Friday, 13 February 2009

The Czech EU-Council Presidency (12): EU representation in less than 50% of third countries

What is the difference between a large country and a smaller country holding the EU Council Presidency?

Well, one of the differences is that smaller countries usually have less diplomatic representations spread all over the world.

Since the country holding the EU Council Presidency also fulfills this function in the different third countries - i.e. co-ordinating local activities of EU member states or representing the Council towards the state institutions - this means that a country which holds the Presidency but does not have a diplomatic mission (or that for other reasons is not able to fulfill the Presidency function) in a third country has to be replaced by another EU country.

In the case of the Czech Republic the quota is 64:83, which means that the Czech Republic is only represented in about 43.5% of third countries, in all other cases being replaced by other EU member states. That is why the function of the local EU Council Presidency is currently carried out by 14 more states (Sweden [next Presidency], France, UK, Germany, Italy, Spain, Poland, Portugal, Netherlands, Hungary, Finland, Belgium, Ireland and Denmark) and not only by the Czechs.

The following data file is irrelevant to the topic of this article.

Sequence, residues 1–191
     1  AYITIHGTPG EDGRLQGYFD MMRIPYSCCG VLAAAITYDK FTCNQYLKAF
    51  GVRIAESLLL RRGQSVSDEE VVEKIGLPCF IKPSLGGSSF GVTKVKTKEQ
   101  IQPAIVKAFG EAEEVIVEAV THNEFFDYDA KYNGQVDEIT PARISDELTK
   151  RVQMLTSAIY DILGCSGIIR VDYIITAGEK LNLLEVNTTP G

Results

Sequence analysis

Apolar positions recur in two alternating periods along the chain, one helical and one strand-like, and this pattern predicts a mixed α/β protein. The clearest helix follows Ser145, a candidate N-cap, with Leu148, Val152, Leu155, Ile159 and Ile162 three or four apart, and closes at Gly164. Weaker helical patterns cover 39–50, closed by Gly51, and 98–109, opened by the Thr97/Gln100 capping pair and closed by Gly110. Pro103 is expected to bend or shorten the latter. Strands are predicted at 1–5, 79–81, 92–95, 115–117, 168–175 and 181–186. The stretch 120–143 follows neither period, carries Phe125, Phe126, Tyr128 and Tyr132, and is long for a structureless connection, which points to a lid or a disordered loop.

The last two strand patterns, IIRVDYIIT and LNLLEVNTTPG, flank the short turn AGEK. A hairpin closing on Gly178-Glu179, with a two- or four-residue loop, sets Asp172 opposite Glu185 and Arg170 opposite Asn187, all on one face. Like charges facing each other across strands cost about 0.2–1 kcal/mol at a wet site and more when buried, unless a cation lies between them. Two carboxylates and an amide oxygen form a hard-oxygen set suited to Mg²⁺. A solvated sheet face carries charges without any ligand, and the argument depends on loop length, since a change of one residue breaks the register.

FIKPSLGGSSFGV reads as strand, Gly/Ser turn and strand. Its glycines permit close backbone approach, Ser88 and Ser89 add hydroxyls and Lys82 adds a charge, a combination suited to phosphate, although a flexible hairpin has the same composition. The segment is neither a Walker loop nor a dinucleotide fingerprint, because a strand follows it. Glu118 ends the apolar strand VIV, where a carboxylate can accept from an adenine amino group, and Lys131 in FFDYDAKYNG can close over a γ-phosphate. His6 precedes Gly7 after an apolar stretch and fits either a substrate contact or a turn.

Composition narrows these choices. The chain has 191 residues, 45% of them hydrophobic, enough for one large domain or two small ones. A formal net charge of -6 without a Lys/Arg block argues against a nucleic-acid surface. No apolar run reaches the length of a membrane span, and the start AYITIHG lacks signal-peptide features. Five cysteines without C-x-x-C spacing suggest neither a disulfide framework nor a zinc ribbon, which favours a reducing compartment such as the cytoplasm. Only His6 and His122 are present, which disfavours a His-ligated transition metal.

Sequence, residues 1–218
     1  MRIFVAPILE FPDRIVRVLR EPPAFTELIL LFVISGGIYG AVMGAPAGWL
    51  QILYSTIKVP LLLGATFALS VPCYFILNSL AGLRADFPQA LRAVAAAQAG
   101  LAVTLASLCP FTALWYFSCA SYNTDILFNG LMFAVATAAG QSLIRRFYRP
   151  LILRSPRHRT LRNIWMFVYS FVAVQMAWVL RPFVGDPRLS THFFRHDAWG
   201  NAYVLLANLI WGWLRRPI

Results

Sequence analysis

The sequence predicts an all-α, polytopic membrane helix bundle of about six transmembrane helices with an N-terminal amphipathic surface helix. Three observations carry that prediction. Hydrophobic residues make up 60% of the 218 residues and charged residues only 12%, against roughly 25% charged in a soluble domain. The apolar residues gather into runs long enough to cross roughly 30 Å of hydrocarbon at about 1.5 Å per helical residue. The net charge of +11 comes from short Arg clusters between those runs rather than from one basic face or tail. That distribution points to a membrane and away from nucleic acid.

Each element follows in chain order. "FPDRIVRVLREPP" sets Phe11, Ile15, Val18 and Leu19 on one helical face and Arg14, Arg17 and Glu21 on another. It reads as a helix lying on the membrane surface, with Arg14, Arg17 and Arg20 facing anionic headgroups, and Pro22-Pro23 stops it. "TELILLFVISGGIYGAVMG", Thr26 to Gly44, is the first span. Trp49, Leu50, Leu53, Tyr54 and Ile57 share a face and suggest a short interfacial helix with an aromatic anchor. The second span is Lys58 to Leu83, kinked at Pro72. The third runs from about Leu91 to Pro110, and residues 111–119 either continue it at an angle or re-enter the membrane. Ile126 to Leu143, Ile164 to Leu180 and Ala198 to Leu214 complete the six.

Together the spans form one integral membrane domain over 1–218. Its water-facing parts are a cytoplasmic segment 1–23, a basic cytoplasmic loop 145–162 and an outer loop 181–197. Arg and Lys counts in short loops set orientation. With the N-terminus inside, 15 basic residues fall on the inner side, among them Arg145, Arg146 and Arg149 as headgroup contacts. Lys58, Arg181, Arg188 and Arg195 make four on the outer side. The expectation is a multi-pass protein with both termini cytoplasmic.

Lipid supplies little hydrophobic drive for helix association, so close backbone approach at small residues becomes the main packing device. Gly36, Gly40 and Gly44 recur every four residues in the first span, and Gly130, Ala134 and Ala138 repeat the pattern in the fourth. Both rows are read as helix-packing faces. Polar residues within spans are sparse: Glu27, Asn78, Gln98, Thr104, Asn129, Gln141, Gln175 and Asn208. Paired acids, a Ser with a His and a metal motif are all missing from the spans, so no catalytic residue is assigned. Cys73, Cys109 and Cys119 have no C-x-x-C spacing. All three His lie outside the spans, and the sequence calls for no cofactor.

For a comparison: During the German Presidency in 2007, the quota was 121:26 (82.3%); during the French Presidency the quota was 133:14 (90.5%).

In fact, this is not a problem, and usually the smaller EU countries are still represented in all major third countries. Yet, it might still be that this sometimes complicates co-ordination and information flows, especially when there are unforeseeable crises in some smaller states.

But to be honest: In a common Union, does it really matter which EU member state's diplomats take the role of the Presidency?

(For the replacement procedure and the list of countries with the different local EU Council Presidencies check this recent Council document.)


Grahnlaw said...

The old order is living on borrowed time, since the Constitutional Treaty did not enter into force.

Its substitution, the Lisbon Treaty would do away wth the half year presidencies in foreign affairs and it would create the European External Action Service.

These are potentially important reforms.

Eurocentric said...

A European diplomatic service will be a good addition, but, if it is made a reality, will there be enough strategic thought/the capacity to think about and formulate pan-European policy? Something more than the European Security Strategy is needed.